- Figure 1.58 – function main
- Figure 1.59 – function initialize
- Figure 1.60 – function order_arrival (flowchart: Figure 1.43)
- Figure 1.61 – function demand (flowchart: Figure 1.44)
- Figure 1.62 – function evaluate (flowchart: Figure 1.45)
- Figure 1.63 – function report
- Figure 1.64 – function update_time_avg_stats (flowchart: Figure 1.46)
- Figure 1.65 – function random_integer
- Figure 1.66 – function uniform
- Figure 1.67 – output report inv.out
- Reaction of individual cost components to changes in s and S … overall?
- Uncertainty in output results (this was just one run)?

Simulation Modeling and Analysis – Chapter 1 – Basic Simulation Modeling

- Parallel and distributed simulation
- Various kinds of parallel and distributed architectures
- Break up a simulation model in some way, run the different parts simultaneously on different parallel processors
- Different ways to break up model
- By support functions – random-number generation, variate generation, event-list management, event routines, etc.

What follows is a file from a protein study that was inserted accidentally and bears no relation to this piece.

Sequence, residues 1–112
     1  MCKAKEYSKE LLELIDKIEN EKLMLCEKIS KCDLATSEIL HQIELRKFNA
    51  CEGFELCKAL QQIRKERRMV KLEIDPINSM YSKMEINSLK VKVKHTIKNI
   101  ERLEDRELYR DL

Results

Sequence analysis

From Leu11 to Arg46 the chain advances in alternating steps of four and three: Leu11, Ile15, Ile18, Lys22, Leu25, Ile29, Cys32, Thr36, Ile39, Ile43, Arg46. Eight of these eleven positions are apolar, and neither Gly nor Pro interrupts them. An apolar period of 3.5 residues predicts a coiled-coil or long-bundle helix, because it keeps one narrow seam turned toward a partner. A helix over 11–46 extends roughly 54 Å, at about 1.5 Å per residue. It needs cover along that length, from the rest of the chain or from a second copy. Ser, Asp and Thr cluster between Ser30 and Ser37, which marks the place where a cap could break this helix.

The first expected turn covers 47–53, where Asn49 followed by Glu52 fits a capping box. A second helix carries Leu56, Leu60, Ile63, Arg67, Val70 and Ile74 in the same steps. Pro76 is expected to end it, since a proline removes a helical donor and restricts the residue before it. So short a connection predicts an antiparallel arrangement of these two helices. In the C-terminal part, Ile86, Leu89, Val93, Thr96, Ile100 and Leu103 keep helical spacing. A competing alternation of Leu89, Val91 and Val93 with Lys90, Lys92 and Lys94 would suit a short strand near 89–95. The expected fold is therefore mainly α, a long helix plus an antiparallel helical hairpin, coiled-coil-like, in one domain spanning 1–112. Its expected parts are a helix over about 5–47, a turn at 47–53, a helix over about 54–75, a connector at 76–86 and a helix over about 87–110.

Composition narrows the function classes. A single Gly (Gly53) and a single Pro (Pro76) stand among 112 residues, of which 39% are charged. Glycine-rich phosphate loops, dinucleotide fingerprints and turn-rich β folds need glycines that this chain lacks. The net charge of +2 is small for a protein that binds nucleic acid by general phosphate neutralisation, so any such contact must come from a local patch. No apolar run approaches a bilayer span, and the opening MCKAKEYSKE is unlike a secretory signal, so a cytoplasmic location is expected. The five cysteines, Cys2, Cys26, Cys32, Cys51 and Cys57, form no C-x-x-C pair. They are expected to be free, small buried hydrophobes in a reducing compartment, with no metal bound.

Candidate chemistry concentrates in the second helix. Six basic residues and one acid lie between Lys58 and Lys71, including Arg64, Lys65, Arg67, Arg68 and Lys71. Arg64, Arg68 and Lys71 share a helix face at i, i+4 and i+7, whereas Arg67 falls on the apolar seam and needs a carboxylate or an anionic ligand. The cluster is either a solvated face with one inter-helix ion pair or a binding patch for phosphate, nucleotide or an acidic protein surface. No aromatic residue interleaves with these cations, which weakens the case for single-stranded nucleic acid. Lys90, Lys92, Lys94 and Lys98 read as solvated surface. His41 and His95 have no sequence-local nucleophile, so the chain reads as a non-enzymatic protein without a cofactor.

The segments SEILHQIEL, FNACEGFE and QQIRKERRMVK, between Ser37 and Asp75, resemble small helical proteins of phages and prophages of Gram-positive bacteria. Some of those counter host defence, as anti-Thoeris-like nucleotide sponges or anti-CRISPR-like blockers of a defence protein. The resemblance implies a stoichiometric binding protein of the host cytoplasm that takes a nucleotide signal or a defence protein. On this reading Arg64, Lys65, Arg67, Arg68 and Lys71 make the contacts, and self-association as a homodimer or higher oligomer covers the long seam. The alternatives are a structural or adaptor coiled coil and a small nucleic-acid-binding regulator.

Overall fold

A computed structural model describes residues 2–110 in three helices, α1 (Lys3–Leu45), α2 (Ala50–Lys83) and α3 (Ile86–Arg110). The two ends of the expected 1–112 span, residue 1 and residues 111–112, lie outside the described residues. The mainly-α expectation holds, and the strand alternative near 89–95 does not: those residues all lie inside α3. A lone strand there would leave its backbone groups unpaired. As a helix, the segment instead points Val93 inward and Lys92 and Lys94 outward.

- Decompose the model itself; assign different parts of model to different processors – message-passing to maintain synchronization, or forget synchronization and do “rollbacks” if necessary … “virtual time”

- Web-based simulation
- Central simulation engine, submit “jobs” over the web
- Wide-scope parallel/distributed simulation

Simulation Modeling and Analysis – Chapter 1 – Basic Simulation Modeling

Simulation Modeling and Analysis – Chapter 1 – Basic Simulation Modeling

- Continuous simulation
- Typically, solve sets of differential equations numerically over time